Even if it is proven the Similitudes pre-date the New Testament, readers should be very cautious describing the relationship between the “son of man” sayings in the Gospels and 1 Enoch.

9 thoughts on “Dating the Similitudes – 1 Enoch 37-71

    • Thanks, excellent article. I appreciate the link to the paper on

      Erho argues for a wide range for the date of the section, observing “no scholar of early Judaism in the past forty years has ventured to date this document outside of the period 50 b.c.e. to 100 c.e.” He thinks we can drop “tentatively” from the date, but “in favor of a wider era of consensus rather than a disputed pre-Christian Herodian date.” That is wider than VanderKam’s range, but not by much.

      I agree with his assertion “the historical events during the Parthian invasion fail to cohere very well with the contents of 1 En. 56:5-8,” but that is also the nature of apocalyptic. Those who date Daniel 11 late have the same problems, since there are details which do not fit. The text cited above at least mentions the Parthians, leading to the 40 BC invasion, but as Erho says, “to have depended heavily on a stock characterization of the Parthians, as opposed to actual historical events.”

      Ted M. Erho, “Historical-Allusional Dating and the Similitudes of Enoch,” JBL 130 (2011): 493–511.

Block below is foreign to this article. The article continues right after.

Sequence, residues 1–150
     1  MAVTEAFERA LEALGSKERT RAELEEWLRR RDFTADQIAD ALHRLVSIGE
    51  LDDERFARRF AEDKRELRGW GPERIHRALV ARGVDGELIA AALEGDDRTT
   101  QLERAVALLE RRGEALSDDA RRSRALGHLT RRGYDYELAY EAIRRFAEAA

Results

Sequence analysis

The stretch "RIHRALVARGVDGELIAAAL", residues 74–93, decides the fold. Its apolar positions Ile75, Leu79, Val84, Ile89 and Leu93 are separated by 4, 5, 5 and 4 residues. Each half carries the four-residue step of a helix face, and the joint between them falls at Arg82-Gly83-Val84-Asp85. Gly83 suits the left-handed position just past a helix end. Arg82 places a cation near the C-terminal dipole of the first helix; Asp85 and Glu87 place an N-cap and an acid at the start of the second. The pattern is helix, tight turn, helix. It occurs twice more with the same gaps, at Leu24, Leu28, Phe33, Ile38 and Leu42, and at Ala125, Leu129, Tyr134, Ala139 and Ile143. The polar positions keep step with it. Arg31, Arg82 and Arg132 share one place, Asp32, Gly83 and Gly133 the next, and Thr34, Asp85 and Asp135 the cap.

• Thank you so much for your link, James Hamrick. This was the ‘missing link’ for my paper.

  1. Thanks for this blog post. You saved me a bit of work. I am going to quote your concluding paragraphs for a comment in a blog post at a site that is promoting the idea that Matthew sourced I Enoch for his use of “son of man”. The author relies on an outdated source from 1955 for his assertions.

    I have Charlesworth’s two volumes, but your synopsis saved me from doing other related research, e.g., the presence, or lack thereof, of “son of man” at Qumran. In E. Issac’s intro to 1 Enoch, he writes (countering Milik), “I am convinced that 1 Enoch already contained the Similitudes by the end of the first century A.D.” (p 7).

  2. The late Larry Hurtado also insisted that we should be very cautious about treating the Similitudes of Enoch as an influence on Christianity since:

    “thus far there is no portion of this material found among either the Qumran Aramaic fragments or the Oxyrhynchus Greek fragments of 1 Enoch. Moreover, it is hard to offer any clear instance of citation of this section of 1 Enoch among second-temple Jewish or early Christian writings. So, despite the recent groundswell of opinion that “the Book of Parables” was composed sometime in the early lst century CE or perhaps a bit earlier, there remains this curious absence in text-finds and identifiable citations”

    I also find it surprising how few point out that three different Ge’ez phrases are all translated “son of man” in our modern Enoch translations. Translating all three different terms as “son of man” results in our translations giving the impression of a fixed title in a way the Ethiopic texts do not.